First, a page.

You may have seen Keith Olbermann tweet this picture of Brett Weber, who regularly charts velocity and pitch type from behind home plate for the Yankees, holding up four fingers towards the field during the season opener Thursday against the Tigers.
It seemed more weird than anything else at the time, but it turns out that MLB rules prohibit team employees from using hand signals to communicate pitch types or speeds to players. Who knew?
According to the Associated Press, Brian Cashman confirmed that Joe Garagiola Jr., the senior vice president of standards and on-field operations for MLB, spoke this morning with Yankees vice president and assistant general manager Jean Afterman about the issue. Cashman feels that he has a reasonable explanation for Weber’s actions.
“The scoreboard went down. He was relaying after the fact with his fingers to some hitters who wanted it what the velocity was, pitches to the opposing teams’ hitter, to the guy on deck,” Cashman said. “There’s nothing to hide. We’ve got nothing to hide.”
Furthermore, Cashman said that Weber wears headphones during home games so he can communicate with the scoreboard operator in order to relay pitch information that can be displayed in center field.
Oh, and if you’re calling the Yankees “cheaters,” Cashman has a message for you.
“It’s probably more work talking about than it’s worth,” Cashman said. “The psychotics that obsessed about it all day yesterday, I think we all did ’em a favor by keeping them off the street and preventing them from hurting others.”
For what it’s worth, Weber is not behind home plate for today’s game against the Tigers. That means they’ll have to find some other way to win. You know, like rely on the $200 million worth of talent they have on the field.
In a last-second compromise before a scheduled heading today, first baseman Brandon Belt and the Giants have avoided arbitration by agreeing to a one-year, $6.2 million deal.
Belt requested $7.5 million and the Giants countered at $5.3 million, so they’ve settled slightly on the team-friendly side of the midpoint. Belt will be arbitration eligible again next season for the final time before hitting the open market as a free agent.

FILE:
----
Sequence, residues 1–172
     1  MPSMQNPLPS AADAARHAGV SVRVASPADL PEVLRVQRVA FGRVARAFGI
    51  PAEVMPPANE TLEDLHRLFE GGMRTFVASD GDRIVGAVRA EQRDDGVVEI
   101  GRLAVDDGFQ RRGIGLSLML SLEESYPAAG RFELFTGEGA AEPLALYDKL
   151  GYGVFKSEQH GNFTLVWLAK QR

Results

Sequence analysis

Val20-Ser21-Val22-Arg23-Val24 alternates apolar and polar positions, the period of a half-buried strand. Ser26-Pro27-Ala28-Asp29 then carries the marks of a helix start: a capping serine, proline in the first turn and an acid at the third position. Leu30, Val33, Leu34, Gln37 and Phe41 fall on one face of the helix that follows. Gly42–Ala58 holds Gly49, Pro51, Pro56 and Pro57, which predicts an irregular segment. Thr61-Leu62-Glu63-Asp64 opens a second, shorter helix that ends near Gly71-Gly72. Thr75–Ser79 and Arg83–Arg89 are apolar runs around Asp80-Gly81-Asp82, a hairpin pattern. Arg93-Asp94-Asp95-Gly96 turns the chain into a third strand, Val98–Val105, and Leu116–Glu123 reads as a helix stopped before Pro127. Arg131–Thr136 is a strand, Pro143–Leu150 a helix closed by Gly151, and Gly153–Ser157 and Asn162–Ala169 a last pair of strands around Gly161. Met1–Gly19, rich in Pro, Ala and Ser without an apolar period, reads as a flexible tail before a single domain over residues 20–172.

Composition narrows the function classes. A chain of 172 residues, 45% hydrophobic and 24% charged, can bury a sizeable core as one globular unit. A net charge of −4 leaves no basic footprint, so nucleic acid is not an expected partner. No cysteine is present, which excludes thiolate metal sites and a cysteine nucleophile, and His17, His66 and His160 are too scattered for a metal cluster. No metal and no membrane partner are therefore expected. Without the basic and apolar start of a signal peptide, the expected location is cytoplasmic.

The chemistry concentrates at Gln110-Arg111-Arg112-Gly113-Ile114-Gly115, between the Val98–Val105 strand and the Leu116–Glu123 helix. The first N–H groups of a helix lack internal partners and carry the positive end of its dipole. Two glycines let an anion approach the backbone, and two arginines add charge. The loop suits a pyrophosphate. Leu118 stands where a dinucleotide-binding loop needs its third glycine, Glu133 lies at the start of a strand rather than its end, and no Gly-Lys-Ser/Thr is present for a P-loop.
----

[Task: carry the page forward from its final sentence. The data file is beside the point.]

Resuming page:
He’s coming off a very good season in which he hit .280 with 18 homers and an .834 OPS in 137 games and Belt has a lifetime .803 OPS through age 27, making him one of MLB’s most underrated all-around first baseman.
Right-hander Dale Thayer and the Orioles have agreed to a minor-league contract that includes an invitation to spring training.
Thayer had a rough 2015 season for the Padres, posting a 4.06 ERA and spending time in the minors, but he was a solid part of San Diego’s bullpen from 2012-2014 with a combined 3.02 ERA and 173/50 K/BB ratio in 188 innings.
At age 35 there’s no guarantee that Thayer will look good enough to claim a spot on the Opening Day roster, but he’s got a strong chance to wind up pitching middle relief for Baltimore.
Taylor Featherston, who was designated for assignment by the Angels last week, has been traded to the Phillies for a player to be named later or cash.
Featherston stayed in the majors with the Angels for all of last season due to being a Rule 5 pick from the Rockies organization, but the 25-year-old infielder hit just .162 in 169 plate appearances.
He’s been much better in the minors, but nothing about his track record there screams quality regular and the Phillies are likely viewing him as a defense-first bench option for now.
Flags fly forever! Hooray for The Process championship!
Ah, sorry. This is about as much rooting as I’ll get to do this year, so cut me some slack.
This is the week when ESPN’s Keith Law releases his prospect and farm system rankings. He kicks off his content this week with a top-to-bottom ranking of all 30 farm systems. As a rule he limits his analysis to players who are currently in the minors and who have not yet exhausted their rookie of the year eligibility. The top system: the Atlanta Braves. The bottom: the Los Angeles Angels, about whom Law says “I’ve been doing these rankings for eight years now, and this is by far the worst system I’ve ever seen.” Enjoy Mike Trout, though, you guys.
If you want to know the reasons and the rankings of everyone in between you’ll have to get an ESPN Insider subscription. Sorry, I know everyone hates to pay for content on the Internet, but Keith and others who do this kind of work put a lot of damn work into it and this is what pays their bills. I typically don’t like to pay for content myself, but I do pay for an ESPN Insider subscription. It’s worth it for Law’s work alone. And though he drives me crazy sometimes, Buster Olney’s daily column/notes thing is also worth the money over the course of the year.